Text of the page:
* Agencies in United States, Europe move to ban flights
* FAA cites rocket strike near airport
* Israel transportation minister says Tel Aviv airport is
(Adds American Airlines' statement)
By Karen Jacobs
July 22 Air carriers in the United States and
Europe on Tuesday halted flights to Tel Aviv after warnings from
governmental agencies in an effort to ensure passenger safety as
turmoil in Israel and the region intensified.
U.S. carriers Delta Air Lines, American Airlines
Group and United Airlines were the first to
announce cancellations until further notice, followed by flight
stoppages by European carriers, including Germany's Lufthansa
and Air France.
American Airlines said late on Tuesday that it would halt
flights to and from Tel Aviv through Thursday while it monitors
Air Berlin, Germany's second-largest carrier, also said it
halted its flights through Wednesday, citing the situation on
the ground. Throughout the day, several airlines rerouted or
turned back flights already headed to Israel's financial center.
The flight suspensions grabbed the attention of a global
aviation community still grappling with the downing last week of
a Malaysia Airlines jet over Ukraine with nearly 300 aboard.
"The carriers are making the right call," said Robert Mann,
an airline consultant in Port Washington, New York. "They are
ultimately legally responsible for their operations and thus,
they have to be at least as cautious and in many cases more
cautious than any guideline that they are given."
The FAA said it told U.S. carriers that they were prohibited
from flying to or from Ben Gurion International Airport in Tel
Aviv for up to 24 hours. In a statement, the agency said its
notice was issued in response to a rocket strike on Tuesday that
landed about a mile from the airport.
The text of the FAA notice cited "the potentially hazardous
situation created by the armed conflict in Israel and Gaza" in
prohibiting the flights by U.S. carriers.
Israeli officials, including Prime Minister Benjamin
Netanyahu, called for U.S. airlines to resume flights to Israel.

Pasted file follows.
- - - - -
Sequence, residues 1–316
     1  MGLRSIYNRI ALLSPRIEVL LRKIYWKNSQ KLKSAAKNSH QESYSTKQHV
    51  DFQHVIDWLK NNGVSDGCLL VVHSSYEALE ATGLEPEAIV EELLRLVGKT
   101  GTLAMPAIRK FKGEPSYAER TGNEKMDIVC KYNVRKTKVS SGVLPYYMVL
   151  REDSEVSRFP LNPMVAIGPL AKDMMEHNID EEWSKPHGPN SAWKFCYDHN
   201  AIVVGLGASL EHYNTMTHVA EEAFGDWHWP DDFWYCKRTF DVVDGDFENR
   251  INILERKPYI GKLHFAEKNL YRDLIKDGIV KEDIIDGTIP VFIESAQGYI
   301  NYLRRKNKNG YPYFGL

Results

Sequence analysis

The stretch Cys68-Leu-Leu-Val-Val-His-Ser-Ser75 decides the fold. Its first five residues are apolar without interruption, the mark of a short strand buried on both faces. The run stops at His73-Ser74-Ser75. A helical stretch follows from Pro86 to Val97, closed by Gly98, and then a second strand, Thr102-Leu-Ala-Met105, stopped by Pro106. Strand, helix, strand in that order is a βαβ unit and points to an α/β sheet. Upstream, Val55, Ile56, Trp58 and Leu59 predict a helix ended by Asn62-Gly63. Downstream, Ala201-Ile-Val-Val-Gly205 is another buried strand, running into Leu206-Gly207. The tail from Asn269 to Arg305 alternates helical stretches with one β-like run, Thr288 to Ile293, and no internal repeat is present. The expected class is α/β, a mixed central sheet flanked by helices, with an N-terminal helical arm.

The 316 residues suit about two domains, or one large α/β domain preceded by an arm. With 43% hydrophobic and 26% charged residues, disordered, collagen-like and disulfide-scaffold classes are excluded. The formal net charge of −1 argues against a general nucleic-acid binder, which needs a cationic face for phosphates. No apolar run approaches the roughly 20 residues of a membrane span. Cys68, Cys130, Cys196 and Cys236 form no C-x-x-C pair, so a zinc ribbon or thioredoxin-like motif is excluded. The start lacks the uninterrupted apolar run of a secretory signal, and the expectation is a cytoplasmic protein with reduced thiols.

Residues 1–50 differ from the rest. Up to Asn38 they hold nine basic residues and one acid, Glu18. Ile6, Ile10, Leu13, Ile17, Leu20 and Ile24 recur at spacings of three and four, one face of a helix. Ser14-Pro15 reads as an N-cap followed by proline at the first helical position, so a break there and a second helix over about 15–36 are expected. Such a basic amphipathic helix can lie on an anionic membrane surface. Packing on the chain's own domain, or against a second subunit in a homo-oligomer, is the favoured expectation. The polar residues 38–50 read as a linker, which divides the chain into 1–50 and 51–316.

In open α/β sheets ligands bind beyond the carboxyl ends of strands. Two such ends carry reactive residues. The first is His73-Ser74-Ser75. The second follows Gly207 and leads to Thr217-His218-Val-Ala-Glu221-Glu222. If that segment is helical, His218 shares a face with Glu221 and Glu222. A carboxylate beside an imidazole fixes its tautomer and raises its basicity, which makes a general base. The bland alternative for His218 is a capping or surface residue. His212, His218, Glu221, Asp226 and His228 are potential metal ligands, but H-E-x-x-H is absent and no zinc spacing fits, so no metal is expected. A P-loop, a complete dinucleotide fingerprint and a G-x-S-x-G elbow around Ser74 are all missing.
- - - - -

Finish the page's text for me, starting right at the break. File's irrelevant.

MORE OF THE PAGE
"There is no need for U.S. carriers to suspend flights and
reward terrorism," said a statement from Israel's Transportation
Minister Yisrael Katz.
The FAA notice was discussed in a call later on Tuesday
between Secretary of State John Kerry and Israeli Prime Minister
Benjamin Netanyahu, the U.S. State Department said.
"The only consideration in issuing the notice was the safety
and security of our citizens," State Department spokeswoman Jen
Psaki said in a statement. "The FAA continues to monitor and
evaluate the situation, and will issue updated guidelines no
later than 24 hours from the time the (notice) went into force."
Asked about reports that Netanyahu had asked the FAA to
rescind the order, a senior Obama administration official said
he was not aware of the request, but added: "We're not going to
overrule the FAA, period."
"If the FAA says this crosses our tripwires, we're not going
to say 'Don't warn civil aviation.' We understand Israeli
concerns. They don't want to have a shutdown of air traffic into
Ben Gurion. We can look at this every 24 hours, but (when) a
rocket lands a mile from that airport, that kind of trips their
Europe's aviation regulator also warned airlines not to fly
to Tel Aviv. A spokesman said the European Aviation Safety
Agency would issue a bulletin by Wednesday containing a "strong
recommendation" that airlines avoid Ben Gurion Airport.
"The recommendation applies to all European airlines," the
spokesman said in an email.
Many airlines were allowing customers affected by the
cancellations to change their travel plans without penalty.
The flight cancellations came after Hamas, the militant
group that dominates in the Gaza Strip, and its allies fired
more rockets into Israel on Tuesday. One hit a town on the
fringes of Ben Gurion airport, lightly injuring two people,
Israel launched an offensive earlier in July to halt missile
salvoes out of Gaza by Hamas, which was angered by a crackdown
on its supporters in the occupied West Bank as well as economic
hardship due to an Israeli-Egyptian blockade.
(Reporting by Karen Jacobs in Atlanta, Tim Hepher in Paris,
Steven Scheer in Tel Aviv, Victoria Bryan in Berlin, Ludwig
Burger in Frankfurt and Steve Holland and Peter Cooney in
Washington; editing by G Crosse and Ron Popeski)